They are often abused and maligned, but everyone in the football community can agree that umpires are critical to the success of the game.
Last week the WA public were subjected to shocking scenes when a middle-aged woman confronted a 13-year-old junior umpire at a Thornlie versus Maddington game.
The football community treated the behaviour appropriately with disgust for the culprit and sympathy for the young umpire.
While this is a great results that should be expected, too many times at grass roots level, especially in country footy, the positive sentiment towards the games officials is contradicted by players and spectators alike. On too many occasions at football ovals across the state and the nation umpires have been abused by players, coaches and spectators alike, outwardly and discreetly amongst the fraternity.
The attitude towards umpires in the AFL is reprehensible. They are constantly questioned on the field and criticised relentlessly in the stands.
This needs to be across the entire football spectrum. Wholesale change that from now on, no abuse is acceptable.
Don’t forget also the AFL game is next to impossible to umpire consistently, considering the varied interpretations of the rules and constant changing of perspective of the 360 degree nature of the game. A viewer can see the same incident twice from two different angles and can come up with three entirely different results, free kick to one side or the other, or none at all. Yet, despite its immense difficulty we still treat our umps with hostility?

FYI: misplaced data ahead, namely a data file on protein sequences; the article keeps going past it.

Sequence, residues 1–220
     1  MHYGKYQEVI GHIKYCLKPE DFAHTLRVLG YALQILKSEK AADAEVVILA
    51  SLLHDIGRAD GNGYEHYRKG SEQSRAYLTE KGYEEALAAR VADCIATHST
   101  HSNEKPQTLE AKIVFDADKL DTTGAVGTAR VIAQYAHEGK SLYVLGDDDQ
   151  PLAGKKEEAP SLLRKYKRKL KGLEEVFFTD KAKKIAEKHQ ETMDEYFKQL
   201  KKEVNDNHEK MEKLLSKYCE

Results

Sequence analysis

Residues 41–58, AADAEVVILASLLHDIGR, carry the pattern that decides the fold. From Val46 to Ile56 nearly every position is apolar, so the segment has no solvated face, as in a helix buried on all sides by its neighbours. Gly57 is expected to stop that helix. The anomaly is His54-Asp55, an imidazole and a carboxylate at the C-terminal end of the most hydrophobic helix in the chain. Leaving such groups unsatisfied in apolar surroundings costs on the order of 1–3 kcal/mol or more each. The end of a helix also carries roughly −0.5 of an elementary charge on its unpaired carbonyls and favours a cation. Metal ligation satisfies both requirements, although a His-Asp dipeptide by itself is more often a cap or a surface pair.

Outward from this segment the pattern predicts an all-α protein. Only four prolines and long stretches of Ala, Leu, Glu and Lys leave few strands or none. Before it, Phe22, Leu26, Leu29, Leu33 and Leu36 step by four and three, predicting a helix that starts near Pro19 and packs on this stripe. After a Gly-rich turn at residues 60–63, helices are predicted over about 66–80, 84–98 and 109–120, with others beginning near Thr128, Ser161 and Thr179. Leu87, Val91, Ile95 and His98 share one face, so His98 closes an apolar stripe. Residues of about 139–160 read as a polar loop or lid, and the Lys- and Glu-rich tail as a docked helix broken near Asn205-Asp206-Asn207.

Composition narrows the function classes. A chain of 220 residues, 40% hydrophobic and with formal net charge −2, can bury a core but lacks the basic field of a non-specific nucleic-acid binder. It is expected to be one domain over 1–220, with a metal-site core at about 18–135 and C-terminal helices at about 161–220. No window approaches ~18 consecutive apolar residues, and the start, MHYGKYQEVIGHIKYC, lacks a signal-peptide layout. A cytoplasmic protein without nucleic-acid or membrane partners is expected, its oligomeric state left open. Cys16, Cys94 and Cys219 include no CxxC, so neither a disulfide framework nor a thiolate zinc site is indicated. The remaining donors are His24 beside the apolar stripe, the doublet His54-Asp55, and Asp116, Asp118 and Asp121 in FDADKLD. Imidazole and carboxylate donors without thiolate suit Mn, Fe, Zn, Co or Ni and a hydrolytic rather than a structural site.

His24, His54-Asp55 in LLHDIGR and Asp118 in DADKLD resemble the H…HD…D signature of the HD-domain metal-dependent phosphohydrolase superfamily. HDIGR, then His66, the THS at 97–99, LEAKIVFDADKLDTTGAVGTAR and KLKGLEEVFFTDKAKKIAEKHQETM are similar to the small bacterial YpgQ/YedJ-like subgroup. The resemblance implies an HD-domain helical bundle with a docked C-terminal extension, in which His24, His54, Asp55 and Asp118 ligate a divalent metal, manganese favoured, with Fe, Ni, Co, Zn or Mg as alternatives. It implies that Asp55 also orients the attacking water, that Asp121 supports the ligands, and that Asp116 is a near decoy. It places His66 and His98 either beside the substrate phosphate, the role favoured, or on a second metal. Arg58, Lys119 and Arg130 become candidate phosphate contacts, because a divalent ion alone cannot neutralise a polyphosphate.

You are entirely in your right to scrutinise and question but do so in a sensitive and constructive manner. Analyse the Rugby Union code and their treatment of officials and you will see a game that demands respect to the referees and provides a greater aesthetic for spectators, no whinging or petulant cries from the oval. That is the level the AFL community should be striving for.
Not because it looks better, or because it should be a basic human trait to treat anyone exercising their trade with humility and appropriate veneration, but because the consequences are dire.
Already around country WA leagues are struggling to find umpires, and who can blame them? Little pay, shocking conditions and a stigma they have to bear through the local community gives them little incentive to taking on officiating the game.
AFL needs umpires and those umpires need our support.
This weekend across WA the associations are promoting ‘Thank and Respect for Umpires Round’, with a focus on acknowledging their hard work and shaking their hands regardless of the result at games end.
Sean spoke to the EDFA Umpiring Coordinator, Paul Griffiths, on the Breakfast Show to discuss the plight of local umpires and the struggling numbers of official in the Esperance league. At the audio below around 2 minutes in.
It’s a great opportunity to settle the current umpiring world and hopefully welcome more prospective officials into a part of the game that is integral to its existence.
So, wherever you are across Esperance, from Gibson Oval, to Esperance Oval to Condingup... respect and support our umpires. Before we don't have any anymore.